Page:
The following excerpted from the new biography, "Masters of Sex: The Life and Times of William Masters and Virginia Johnson, The Couple Who Taught America How To Love," (Basic Books).
For those who knew her well, there was something disturbing about Virginia Johnson’s ignominious fate. How could one of the most remarkable American women of the 20th Century – who witnessed more about human sexuality than anyone in the world, who explored its multitude of physical wonders and emotional expressions -- be relegated to such obscurity? How could an independent-minded woman who embodied so many cultural changes in the world’s view about female sexuality be so unappreciated? Where were the 1970s feminists and the sexually confident young women of Generation X, those who emulated “Sex and the City” and text-messaged men asking for a date? These urbane, sophisticated women -- as much as any conservative suburban wife who might sneak a peek at Masters and Johnson’s books -- owed a debt to her more than they knew. As much as any woman in the last half century, Johnson advocated successfully on behalf of a women’s right to be treated equally as a man in the most intimate, often most personally satisfying, areas of life. Yet somehow, her own outcome made it seemed as if she’d suffered one more indignity in a man’s world.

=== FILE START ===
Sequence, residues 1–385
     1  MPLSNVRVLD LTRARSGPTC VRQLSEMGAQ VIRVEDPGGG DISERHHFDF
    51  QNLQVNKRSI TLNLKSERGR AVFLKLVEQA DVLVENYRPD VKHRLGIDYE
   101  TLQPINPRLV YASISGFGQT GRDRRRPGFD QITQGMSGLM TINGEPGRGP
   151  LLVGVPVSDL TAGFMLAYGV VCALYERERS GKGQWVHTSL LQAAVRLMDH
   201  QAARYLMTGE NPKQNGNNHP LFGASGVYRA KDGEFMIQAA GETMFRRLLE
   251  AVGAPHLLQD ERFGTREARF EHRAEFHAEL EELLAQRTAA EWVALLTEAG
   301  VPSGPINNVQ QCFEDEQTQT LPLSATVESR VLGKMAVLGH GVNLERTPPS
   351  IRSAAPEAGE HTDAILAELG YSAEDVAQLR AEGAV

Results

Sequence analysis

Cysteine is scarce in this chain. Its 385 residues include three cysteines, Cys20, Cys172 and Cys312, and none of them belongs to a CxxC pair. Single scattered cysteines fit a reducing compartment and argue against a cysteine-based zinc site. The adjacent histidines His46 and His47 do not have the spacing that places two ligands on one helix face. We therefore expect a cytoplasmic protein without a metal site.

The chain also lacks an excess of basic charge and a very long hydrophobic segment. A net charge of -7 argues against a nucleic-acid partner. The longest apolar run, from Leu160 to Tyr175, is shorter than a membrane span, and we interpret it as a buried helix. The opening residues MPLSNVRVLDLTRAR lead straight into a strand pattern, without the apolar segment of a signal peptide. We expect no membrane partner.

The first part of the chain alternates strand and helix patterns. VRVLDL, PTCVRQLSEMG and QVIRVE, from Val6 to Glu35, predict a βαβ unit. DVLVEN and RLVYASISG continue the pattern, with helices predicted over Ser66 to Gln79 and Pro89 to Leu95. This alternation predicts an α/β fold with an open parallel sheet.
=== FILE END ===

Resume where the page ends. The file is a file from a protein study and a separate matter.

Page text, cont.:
Despite her many ailments, Virginia didn’t feel sorry for herself. The unsinkable spirit of a Missouri farm girl inside wouldn’t allow it. “This neuropathy is stupid,’ she said one afternoon slouched in a chair, her legs too weak to stand for very long. “Normally it leads to amputation and I’m not going to go that way.” Instead she dreamed of seeing her own memoir finished or perhaps a movie that might tell her story. When asked by a St. Louis gossip columnist if she planned to write an autobiography, she replied, “Yes, because I am afraid someone else will do it.” Years earlier, ABC television tried to make a film about the famous sex reseachers, reportedly with Shirley MacLaine portraying her, but the production collapsed because Gini wouldn’t cooperate with the scriptwriter’s demands. In recollections of her glorious past, she dropped enough names to hint at the breadth of her fame, sometimes with an air of unreality. She wanted Mike Nichols to produce the movie of her life and for Gore Vidal to write its screenplay. Maybe someone like Joanne Woodward could play her, and perhaps Robert Duvall as Bill Masters. The memories and reveries were still vivid enough to fill an empty afternoon. As a woman who once set the status quo aflame, she now enjoyed observing other assertive women like Madonna, those who never let the world define them. “Anyone who invents himself and who reinvents himself all the time, I always have a certain amount of admiration for the ability to do it,” she explained. “I love talent. I love people who can perceive and anticipate what people will buy. I think it's intriguing as the devil.”